In a potentially significant development impacting the fate of race-conscious college admissions, an advocacy group seeking to overturn the use of such policies filed a petition asking the U.S. Supreme Court to fast-track and link its consideration of cases involving two separate institutions, as the Washington Free Beacon reports.
The group, Students for Fair Admissions, has requested that the justices at the high court speed consideration of a case against the University of North Carolina’s (UNC) race-based admissions processes that is still making its way through the lower courts and review the matter together with a similar challenge involving Harvard University, of which the organization sought review earlier this year.
As the Harvard Gazette noted in June, the Supreme Court delayed its decision on whether to hear arguments in the case related to that school’s admissions policies, instead requesting submission of a brief from the U.S. solicitor general outlining the government’s views on the issues implicated.
According to Edward Blum, president of Students for Fair Admissions, if the high court does hear the case involving Harvard, a private educational institution, it should also consider the question of racial preferences in admissions in the context of a public school, of which UNC is one.
The cases in question ask that the affirmative action decision in the 2003 case of Grutter v. Bollinger, in which the justices held that institutions of higher learning could consider race as a single factor among a series of others, doing so on a case-by-case basis.
The petition filed on Thursday argues that “This case and Harvard should be heard together. The first question presented in both cases in the same: whether this Court should overrule Grutter and hold that institutions of higher education cannot use race as a factor in admissions.”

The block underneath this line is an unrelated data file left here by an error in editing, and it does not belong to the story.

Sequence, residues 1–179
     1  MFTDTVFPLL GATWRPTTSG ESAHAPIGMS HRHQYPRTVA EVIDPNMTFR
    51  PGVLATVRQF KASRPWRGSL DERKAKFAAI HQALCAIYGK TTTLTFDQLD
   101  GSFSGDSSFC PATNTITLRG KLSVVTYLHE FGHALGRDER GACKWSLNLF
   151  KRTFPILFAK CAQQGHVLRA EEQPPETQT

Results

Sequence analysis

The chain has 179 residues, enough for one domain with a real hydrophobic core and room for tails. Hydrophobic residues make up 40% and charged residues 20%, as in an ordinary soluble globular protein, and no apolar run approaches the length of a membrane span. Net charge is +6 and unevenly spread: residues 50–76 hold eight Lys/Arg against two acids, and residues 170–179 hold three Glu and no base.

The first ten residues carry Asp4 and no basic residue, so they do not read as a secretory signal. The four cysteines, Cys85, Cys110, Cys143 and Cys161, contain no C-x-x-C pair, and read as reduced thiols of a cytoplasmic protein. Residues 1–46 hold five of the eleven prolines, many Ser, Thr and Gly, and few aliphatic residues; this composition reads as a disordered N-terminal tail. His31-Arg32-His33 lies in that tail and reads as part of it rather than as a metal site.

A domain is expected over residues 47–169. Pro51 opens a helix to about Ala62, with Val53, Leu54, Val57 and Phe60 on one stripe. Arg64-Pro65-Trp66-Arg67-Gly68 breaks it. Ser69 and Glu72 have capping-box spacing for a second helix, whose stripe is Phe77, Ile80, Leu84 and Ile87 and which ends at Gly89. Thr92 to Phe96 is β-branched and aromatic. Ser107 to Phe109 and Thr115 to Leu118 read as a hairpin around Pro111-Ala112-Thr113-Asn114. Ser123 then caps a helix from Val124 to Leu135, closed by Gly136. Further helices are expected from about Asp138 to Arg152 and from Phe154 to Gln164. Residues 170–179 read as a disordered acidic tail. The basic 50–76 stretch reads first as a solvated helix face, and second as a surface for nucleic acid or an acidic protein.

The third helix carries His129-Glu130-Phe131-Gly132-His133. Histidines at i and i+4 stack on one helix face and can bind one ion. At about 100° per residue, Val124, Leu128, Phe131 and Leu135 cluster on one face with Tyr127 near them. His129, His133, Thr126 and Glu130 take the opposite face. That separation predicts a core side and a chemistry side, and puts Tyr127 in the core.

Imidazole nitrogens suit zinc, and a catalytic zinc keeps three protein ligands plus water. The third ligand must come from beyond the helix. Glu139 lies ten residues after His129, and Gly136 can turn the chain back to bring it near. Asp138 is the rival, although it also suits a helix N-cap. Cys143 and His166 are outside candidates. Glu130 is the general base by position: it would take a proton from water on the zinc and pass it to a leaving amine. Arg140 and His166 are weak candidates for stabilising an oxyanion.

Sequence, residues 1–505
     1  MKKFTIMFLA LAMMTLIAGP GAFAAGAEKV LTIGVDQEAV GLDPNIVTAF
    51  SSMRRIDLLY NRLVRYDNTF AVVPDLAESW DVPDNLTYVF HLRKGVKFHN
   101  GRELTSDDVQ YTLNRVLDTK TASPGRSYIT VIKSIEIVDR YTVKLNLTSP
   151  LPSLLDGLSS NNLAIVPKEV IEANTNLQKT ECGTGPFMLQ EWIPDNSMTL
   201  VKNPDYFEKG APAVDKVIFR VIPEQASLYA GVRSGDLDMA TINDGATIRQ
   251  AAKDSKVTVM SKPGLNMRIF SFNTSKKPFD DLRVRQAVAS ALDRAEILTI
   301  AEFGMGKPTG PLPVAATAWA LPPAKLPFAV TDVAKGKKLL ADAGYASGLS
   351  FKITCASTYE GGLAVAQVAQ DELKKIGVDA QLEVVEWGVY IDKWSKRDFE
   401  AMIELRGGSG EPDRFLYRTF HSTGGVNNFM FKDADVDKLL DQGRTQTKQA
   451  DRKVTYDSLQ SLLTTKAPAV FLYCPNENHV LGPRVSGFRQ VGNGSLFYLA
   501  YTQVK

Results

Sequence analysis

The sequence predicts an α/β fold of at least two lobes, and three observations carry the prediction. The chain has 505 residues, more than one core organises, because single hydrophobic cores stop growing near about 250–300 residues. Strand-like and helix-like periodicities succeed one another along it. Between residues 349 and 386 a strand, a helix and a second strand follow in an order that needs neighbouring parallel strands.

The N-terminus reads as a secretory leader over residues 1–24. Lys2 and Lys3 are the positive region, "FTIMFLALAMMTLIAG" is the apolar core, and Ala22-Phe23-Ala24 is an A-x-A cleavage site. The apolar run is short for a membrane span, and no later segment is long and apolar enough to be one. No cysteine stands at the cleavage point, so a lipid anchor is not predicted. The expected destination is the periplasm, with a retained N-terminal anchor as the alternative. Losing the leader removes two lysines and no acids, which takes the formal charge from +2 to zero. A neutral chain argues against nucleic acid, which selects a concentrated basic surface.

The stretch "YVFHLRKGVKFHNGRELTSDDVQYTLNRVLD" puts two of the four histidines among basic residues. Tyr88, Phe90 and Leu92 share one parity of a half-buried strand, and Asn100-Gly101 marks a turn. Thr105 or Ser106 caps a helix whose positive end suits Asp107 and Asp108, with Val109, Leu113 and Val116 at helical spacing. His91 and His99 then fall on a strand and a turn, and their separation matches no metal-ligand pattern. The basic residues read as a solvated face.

“This Court can resolve that momentous question in either case. But if it decides to revisit Grutter, its analysis would be more complete if it considered both a private university (Harvard) and a public university (UNC)…” the filing went on to say.
While both the Harvard case and the UNC case were filed on the very same day in 2014, the Harvard matter progressed through the court system rather more rapidly than its counterpart case, which took seven years to even reach the trial stage. Hearing these cases together, the petitioners argue, aligns with what occurred in Grutter, where separate cases involving admissions at the University of Michigan’s law school and its undergraduate programs were fast-tracked and reviewed together.
Whether or not the Supreme Court entertains the motion to link these two cases together, it appears likely that the question of affirmative action in college admissions policies is potentially poised to reach the justices in the near future via other pending disputes, and hopefully, the unjust practice of conferring or denying critical educational benefits on the basis of race is eradicated once and for all.